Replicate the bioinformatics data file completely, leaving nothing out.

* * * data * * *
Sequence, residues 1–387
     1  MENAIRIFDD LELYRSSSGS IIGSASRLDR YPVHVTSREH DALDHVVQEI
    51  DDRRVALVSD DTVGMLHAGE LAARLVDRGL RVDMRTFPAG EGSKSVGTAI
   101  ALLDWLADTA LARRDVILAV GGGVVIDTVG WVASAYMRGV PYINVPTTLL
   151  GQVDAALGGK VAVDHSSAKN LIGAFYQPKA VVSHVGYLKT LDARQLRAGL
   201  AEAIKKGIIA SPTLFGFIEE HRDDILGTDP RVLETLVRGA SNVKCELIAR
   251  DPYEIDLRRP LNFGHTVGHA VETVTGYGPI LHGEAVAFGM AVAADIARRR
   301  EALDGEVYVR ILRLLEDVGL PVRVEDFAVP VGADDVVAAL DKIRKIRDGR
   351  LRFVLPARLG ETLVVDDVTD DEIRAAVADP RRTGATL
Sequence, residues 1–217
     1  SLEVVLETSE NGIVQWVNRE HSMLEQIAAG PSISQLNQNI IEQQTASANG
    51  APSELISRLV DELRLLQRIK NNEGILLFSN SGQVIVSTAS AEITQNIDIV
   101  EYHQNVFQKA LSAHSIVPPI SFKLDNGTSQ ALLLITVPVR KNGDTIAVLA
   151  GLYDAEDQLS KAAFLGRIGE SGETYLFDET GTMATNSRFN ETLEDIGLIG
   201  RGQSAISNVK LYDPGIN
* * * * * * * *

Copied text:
Sequence, residues 1–387
     1  MENAIRIFDD LELYRSSSGS IIGSASRLDR YPVHVTSREH DALDHVVQEI
    51  DDRRVALVSD DTVGMLHAGE LAARLVDRGL RVDMRTFPAG EGSKSVGTAI
   101  ALLDWLADTA LARRDVILAV GGGVVIDTVG WVASAYMRGV PYINVPTTLL
   151  GQVDAALGGK VAVDHSSAKN LIGAFYQPKA VVSHVGYLKT LDARQLRAGL
   201  AEAIKKGIIA SPTLFGFIEE HRDDILGTDP RVLETLVRGA SNVKCELIAR
   251  DPYEIDLRRP LNFGHTVGHA VETVTGYGPI LHGEAVAFGM AVAADIARRR
   301  EALDGEVYVR ILRLLEDVGL PVRVEDFAVP VGADDVVAAL DKIRKIRDGR
   351  LRFVLPARLG ETLVVDDVTD DEIRAAVADP RRTGATL
Sequence, residues 1–217
     1  SLEVVLETSE NGIVQWVNRE HSMLEQIAAG PSISQLNQNI IEQQTASANG
    51  APSELISRLV DELRLLQRIK NNEGILLFSN SGQVIVSTAS AEITQNIDIV
   101  EYHQNVFQKA LSAHSIVPPI SFKLDNGTSQ ALLLITVPVR KNGDTIAVLA
   151  GLYDAEDQLS KAAFLGRIGE SGETYLFDET GTMATNSRFN ETLEDIGLIG
   201  RGQSAISNVK LYDPGIN